Pressure builds for feds to 'ban the box'
Freddie Allen | 6/18/2015, 11 a.m.
WASHINGTON (NNPA) Seventeen states and Washington, D.C. have passed laws making it easier for ex-offenders to find jobs in the labor market. Now civil rights and community groups that advocate for returning citizens are pushing the White House to do the same.
Even though politicians on both sides of the aisle have warmed up to criminal justice reform and smarter sentencing policies, an estimated 70 million adults in the United States have arrests or conviction records and 9 in 10 employers conduct criminal background checks, according to a report by the National Employment Law Project (NELP), a workers’ rights group.
The Sentencing Project, a group that has advocated for criminal justice reform nearly 30 years, called the United States “the world’s leader incarceration with 2.2 million people currently in the nation’s prisons or jails – a 500% increase over the past thirty years.”
Blacks, who are nearly 13 percent of the U.S. population, account for 35.7 percent of state and federal prison population, compared to Whites who make up 32.8 percent.
“Our justice system is deeply unjust and unfair,” said Wade Henderson, the president and CEO of the Leadership Conference on Civil and Human Rights, a coalition of more than 200 national civil rights groups. “We often focus on the incarceration rate and the impact that policing and sentencing have on communities of color, but the injustice of our system is much more widespread.”
That’s because the United States continues to punish people long after they have paid their debts to society, said Henderson.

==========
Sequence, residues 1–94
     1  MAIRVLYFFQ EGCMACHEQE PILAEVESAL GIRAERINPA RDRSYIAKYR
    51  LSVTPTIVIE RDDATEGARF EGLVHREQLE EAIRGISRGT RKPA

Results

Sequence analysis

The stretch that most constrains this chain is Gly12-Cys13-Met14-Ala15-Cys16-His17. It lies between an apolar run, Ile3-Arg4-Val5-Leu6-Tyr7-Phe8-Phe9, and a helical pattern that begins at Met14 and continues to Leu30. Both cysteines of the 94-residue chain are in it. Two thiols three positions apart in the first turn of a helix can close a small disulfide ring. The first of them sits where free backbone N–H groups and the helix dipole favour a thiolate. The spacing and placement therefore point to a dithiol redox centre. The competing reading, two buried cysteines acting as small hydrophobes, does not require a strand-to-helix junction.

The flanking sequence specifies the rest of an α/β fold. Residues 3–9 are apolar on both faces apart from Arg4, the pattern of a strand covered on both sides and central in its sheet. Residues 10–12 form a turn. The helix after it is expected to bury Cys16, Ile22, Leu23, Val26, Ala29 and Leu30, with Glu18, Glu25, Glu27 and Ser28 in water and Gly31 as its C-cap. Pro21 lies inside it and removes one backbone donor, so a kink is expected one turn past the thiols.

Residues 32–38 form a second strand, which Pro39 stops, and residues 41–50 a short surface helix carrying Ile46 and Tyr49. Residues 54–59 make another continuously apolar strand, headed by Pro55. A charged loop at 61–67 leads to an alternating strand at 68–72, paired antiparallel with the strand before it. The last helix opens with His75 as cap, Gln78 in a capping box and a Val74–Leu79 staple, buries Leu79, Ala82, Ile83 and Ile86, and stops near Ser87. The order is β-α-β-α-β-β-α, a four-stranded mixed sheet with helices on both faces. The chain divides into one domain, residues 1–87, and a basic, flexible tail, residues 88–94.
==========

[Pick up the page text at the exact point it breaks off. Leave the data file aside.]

Most people who are convicted of crimes return to their communities, often facing greater challenges to finding affordable housing, educational opportunities and jobs.
“These barriers make it incredibly difficult for people to rebuild their lives and become the contributing members of society that we want them to be,” said Henderson. “As a result, millions of people are being left behind and left out.”
When those workers are left out, the economy suffers.
“Economists estimated that because people with felony records and formerly incarcerated people have poor job prospects, the nation’s gross domestic product in 2008 was between $57 and $65 billion lower than it would have been had they been gainfully employed,” stated the National Employment Law Project (NELP) report.
“Federal action is what’s right and is what’s needed as a matter of fairness, but without addressing the employment needs of the massive numbers of people with records who are locked out of the labor market, the economy suffers as well,” said Maurice Emsellem, the program director for NELP. “Especially in communities like Baltimore and elsewhere ravaged by criminal justice system.”
Some of the biggest companies in the United States are taking notice and revising their hiring policies to provide greater opportunities to ex-offenders.
KOCH Industries, worth more than $100 billion, recently joined Wal-Mart, Target and Home Depot to “ban the box” on job applications.
According to the NELP, “There are a total of 17 states representing nearly every region of the country that have adopted the policies —California (2013, 2010), Colorado (2012), Connecticut (2010), Delaware (2014), Georgia (2015), Hawaii (1998), Illinois (2014, 2013), Maryland (2013), Massachusetts (2010), Minnesota (2013, 2009), Nebraska (2014), New Jersey (2014), New Mexico (2010), Ohio (2015), Rhode Island (2013), Vermont (2015), and Virginia (2015).”